7 Bar-Tailed Godwits

The bar-tailed godwit, a marvel of the avian world, is celebrated for its extraordinary annual migration that commences in Alaska and concludes in New Zealand each fall. This epic journey, a nonstop flight that stretches over a mind-boggling 7,000 miles (11,265 kilometers), takes approximately eight days to complete. Throughout this grand voyage, these avian adventurers fly relentlessly over the expansive Pacific Ocean, never pausing for rest or retracing their path.

Nils Warnock, the Executive Director of Audubon Alaska, has devoted his time to studying the godwits by employing sophisticated satellite tags. His extensive research has unveiled that these birds are not merely ordinary migrants but extraordinary travelers that push the boundaries of endurance. One particularly impressive godwit, affectionately named E-7, astounded researchers by flying nonstop for an astonishing seven days, traversing a distance of 6,214 miles (10,000 kilometers) from New Zealand to the Yellow Sea. This region serves as the solitary stopover site between New Zealand and Alaska, making it an indispensable checkpoint on the godwits’ migratory path.

The bountiful tidal mudflats of the Yellow Sea, teeming with nourishment, are vital for the birds to replenish their energy reserves, gain weight, and fortify themselves for the grueling flights that lie ahead. However, these nourishing mudflats are now under threat. They are rapidly disappearing, an unfortunate circumstance that poses a significant threat to the godwits’ migration. This loss of habitat could disrupt their migratory patterns and pose a challenge to the future of this incredible species.[4]

6 Salmon

Salmon are renowned for their remarkable navigation skills, especially when returning to their birth streams. This navigational prowess relies heavily on their extraordinary senses rather than vision. From their natal freshwater environments to the vast expanses of the ocean, salmon imprint on the unique smells and chemical compositions of these habitats throughout their life stages. This sensory imprinting allows them to embark on expansive journeys across the North Pacific Ocean, only to return precisely to their birthplace.

While this homing instinct is inherited, the specific migration pattern is not. As they journey further from their home stream, their reliance on smell decreases due to the dilution of scent in the ocean waters. Fascinatingly, it has been discovered that salmon also imprint on the earth’s magnetic field when they first enter the ocean.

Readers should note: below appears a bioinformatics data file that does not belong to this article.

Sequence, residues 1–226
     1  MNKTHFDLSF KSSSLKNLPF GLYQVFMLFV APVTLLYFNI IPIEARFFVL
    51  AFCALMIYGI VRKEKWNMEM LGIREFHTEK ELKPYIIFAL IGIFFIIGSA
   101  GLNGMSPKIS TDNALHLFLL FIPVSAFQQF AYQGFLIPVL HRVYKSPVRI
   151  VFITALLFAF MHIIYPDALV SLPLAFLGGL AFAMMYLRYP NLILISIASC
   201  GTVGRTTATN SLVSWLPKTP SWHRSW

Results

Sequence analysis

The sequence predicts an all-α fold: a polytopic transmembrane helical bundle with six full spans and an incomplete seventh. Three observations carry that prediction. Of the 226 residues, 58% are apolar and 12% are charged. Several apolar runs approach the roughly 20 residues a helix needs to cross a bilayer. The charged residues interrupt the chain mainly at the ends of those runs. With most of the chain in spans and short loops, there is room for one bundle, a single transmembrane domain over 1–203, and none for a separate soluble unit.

Salmon possess an acute ability to detect minor variations in this field, which aids them in pinpointing their location in the ocean. This process of geomagnetic homing is facilitated by the salmon’s lateral line, a sensory organ that picks up magnetic variations, vibrations, and electrical currents in water. Though the full extent of this sensory process remains a mystery, it’s thought that this internal compass not only informs them of their current location but also provides timely cues for their return journey.[5]

5 Great White Sharks

Like bears and sea lions that use fat and blubber to sustain themselves over long periods, great white sharks also need to store energy for their extensive travels. These sharks migrate annually over distances exceeding 2,500 miles (4,000 kilometers), moving between feeding and breeding grounds. However, they face the challenge of limited food availability in the vast Pacific Ocean.

Researchers from Stanford University and the Monterey Bay Aquarium conducted studies to understand how these sharks manage such long journeys without constant feeding. Due to the inherent danger in studying great white sharks closely, the researchers had to create safe methods to collect data. They observed a well-fed great white shark at the Monterey Bay Aquarium and noticed that as the shark gained mass, it also became more buoyant.

The key to their findings came from analyzing data from shark archival tags, focusing on a behavior known as “drift-diving.” This behavior involves sharks relaxing their fins and allowing currents and momentum to carry them forward. The data showed that migrating sharks gradually lose buoyancy over time. This loss of buoyancy was connected to the sharks’ use of stored oil in their livers, which can make up to a quarter of their body weight.

Before migration, sharks store oil, increasing their buoyancy. As they use this stored energy during their journey, they become less buoyant and start to sink more. This discovery not only provides insight into the sharks’ migration but also has implications for understanding the storage strategies of other marine animals and aiding conservation efforts.[6]

4 Humpback Whales

Humpback whales are known for their extensive migratory patterns, with a journey that begins in nutrient-rich, cold waters during spring to fall. In these seasons, they feed voraciously, accumulating a reserve of blubber. As early winter ushers in, they transition to travel to tropical waters for calving and mating. Remarkably, throughout this migration, their consumption drops significantly, and they rely mostly on their blubber reserves.

Their journey is no small feat, with a round trip spanning up to 10,000 miles (16,100 kilometers), a record only recently surpassed by a Grey Whale that covered almost 14,000 miles (22,530 kilometers). The migration process is methodical, taking between four and eight weeks, and follows a specific order. Mothers and calves are the pioneers, setting off first. They are followed by sub-adults, then adult males, and finally, the pregnant females who delay their departure to maximize feeding time.